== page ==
Commenting on the concept of wellbeing found in the policy, the UK Supreme Court ruling stated: “‘Wellbeing’ is not defined. The only guidance as to its meaning is provided by section 96(2), which lists eight factors to which regard is to be had when assessing wellbeing. The factors, which are known under the acronym SHANARRI, are that the child or young person is or would be: “safe, healthy, achieving, nurtured, active, respected, responsible, and included”. These factors are not themselves defined, and in some cases are notably vague: for example, that the child or young person is “achieving” and “included””.

Elsewhere in the judgment the justices stated:
“[T]he assessment of that wellbeing under section 96… involves the use of very broad criteria which could trigger the sharing of information by a wide range of public bodies… and also the initiation of intrusive inquiries into a child’s wellbeing.”

The judges concluded that sharing private information at the level of ‘wellbeing’ “may in practice result in a disproportionate inference with the article 8 rights of children, young persons and their parents”.

It breached human rights

Let’s remind ourselves what else the July 2016 UK Supreme Court judgment said.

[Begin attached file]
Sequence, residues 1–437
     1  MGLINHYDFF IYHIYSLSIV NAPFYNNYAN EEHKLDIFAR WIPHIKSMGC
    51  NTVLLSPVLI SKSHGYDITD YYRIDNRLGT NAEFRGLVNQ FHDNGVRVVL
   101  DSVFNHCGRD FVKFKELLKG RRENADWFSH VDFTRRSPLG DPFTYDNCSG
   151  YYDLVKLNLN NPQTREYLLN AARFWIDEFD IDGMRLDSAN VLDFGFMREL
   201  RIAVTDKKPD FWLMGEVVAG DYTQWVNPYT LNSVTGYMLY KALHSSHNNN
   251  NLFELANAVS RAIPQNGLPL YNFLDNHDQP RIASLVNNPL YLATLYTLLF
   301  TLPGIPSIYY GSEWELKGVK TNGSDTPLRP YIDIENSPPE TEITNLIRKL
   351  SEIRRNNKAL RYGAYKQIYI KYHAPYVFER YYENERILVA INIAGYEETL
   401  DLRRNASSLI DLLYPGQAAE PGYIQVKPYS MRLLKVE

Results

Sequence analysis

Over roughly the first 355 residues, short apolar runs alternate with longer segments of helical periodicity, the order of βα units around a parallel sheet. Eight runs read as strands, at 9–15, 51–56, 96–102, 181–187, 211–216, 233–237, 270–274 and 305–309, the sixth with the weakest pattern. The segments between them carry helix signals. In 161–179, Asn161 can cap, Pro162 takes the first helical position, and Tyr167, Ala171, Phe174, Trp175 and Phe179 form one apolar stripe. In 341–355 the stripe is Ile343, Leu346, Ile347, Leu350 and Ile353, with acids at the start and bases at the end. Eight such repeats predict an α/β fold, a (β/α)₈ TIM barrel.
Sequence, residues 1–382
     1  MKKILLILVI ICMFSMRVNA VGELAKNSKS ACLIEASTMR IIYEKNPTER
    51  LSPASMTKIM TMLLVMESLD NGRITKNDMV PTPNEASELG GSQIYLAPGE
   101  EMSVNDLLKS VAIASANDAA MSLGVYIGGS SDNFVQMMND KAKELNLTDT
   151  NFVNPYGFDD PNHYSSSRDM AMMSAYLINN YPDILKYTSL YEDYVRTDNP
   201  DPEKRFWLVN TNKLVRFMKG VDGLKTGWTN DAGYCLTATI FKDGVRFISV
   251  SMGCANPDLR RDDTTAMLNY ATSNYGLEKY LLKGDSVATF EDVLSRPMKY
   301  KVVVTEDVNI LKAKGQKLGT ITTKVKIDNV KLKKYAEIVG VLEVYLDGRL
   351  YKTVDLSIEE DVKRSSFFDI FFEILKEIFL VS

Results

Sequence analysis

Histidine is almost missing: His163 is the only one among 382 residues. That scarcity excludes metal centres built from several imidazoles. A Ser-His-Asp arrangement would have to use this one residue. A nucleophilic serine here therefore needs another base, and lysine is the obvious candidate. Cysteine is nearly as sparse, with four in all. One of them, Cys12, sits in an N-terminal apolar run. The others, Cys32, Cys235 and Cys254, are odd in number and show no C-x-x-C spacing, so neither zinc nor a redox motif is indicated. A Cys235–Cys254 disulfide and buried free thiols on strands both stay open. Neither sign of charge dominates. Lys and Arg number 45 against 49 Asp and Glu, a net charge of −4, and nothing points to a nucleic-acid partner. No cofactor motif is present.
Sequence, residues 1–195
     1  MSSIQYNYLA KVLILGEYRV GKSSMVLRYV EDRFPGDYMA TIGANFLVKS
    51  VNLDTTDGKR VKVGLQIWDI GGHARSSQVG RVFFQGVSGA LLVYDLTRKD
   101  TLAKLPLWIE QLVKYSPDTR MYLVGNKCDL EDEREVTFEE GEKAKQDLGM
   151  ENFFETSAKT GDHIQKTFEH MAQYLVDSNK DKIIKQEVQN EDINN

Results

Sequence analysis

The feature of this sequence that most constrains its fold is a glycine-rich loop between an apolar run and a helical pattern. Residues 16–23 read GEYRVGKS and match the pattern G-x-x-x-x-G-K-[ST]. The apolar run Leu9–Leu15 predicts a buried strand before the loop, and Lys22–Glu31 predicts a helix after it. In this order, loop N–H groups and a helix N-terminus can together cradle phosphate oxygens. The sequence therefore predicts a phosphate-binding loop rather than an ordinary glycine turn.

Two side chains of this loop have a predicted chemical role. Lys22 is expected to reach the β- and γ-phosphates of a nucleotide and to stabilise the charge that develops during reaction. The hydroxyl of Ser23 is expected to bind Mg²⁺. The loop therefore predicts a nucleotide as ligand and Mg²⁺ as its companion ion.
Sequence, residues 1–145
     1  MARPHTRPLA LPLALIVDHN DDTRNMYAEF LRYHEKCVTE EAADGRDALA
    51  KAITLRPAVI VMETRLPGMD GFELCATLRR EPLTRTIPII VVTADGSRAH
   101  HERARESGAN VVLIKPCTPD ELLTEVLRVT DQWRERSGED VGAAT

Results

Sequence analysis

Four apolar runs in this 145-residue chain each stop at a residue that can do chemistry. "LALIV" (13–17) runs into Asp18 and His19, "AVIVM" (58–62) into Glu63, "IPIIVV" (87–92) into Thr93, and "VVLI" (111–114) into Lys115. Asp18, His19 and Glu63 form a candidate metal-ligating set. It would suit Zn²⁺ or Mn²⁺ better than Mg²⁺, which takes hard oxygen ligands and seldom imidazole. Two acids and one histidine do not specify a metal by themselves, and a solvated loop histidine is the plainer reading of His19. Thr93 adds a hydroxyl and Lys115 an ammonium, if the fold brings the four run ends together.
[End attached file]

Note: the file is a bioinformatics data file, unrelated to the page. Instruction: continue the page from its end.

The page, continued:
The ruling noted that “the sharing of personal data between relevant public authorities is central to the role of the named person” (para. 78).
It then concluded that these information-sharing provisions:
• Were incompatible with the rights of children, young persons and parents under article 8 of the European Convention on Human Rights;

• May in practice result in a disproportionate interference with the article 8 rights of many children, young persons and their parents, through the sharing of private information;

• Were “not within the legislative competence of the Scottish Parliament”, deeming the legislation “defective” and blocking it from coming into force.

Bizarrely, Mr Swinney responded to the ruling at the time by saying: “I welcome the publication of today’s judgment and the fact that the attempt to scrap the named person service has failed.”

But three years later, he finally has to admit that the mandatory Named Person scheme, with legal powers to grab and share private information at the low level of wellbeing, cannot work without breaching the human rights of children and families.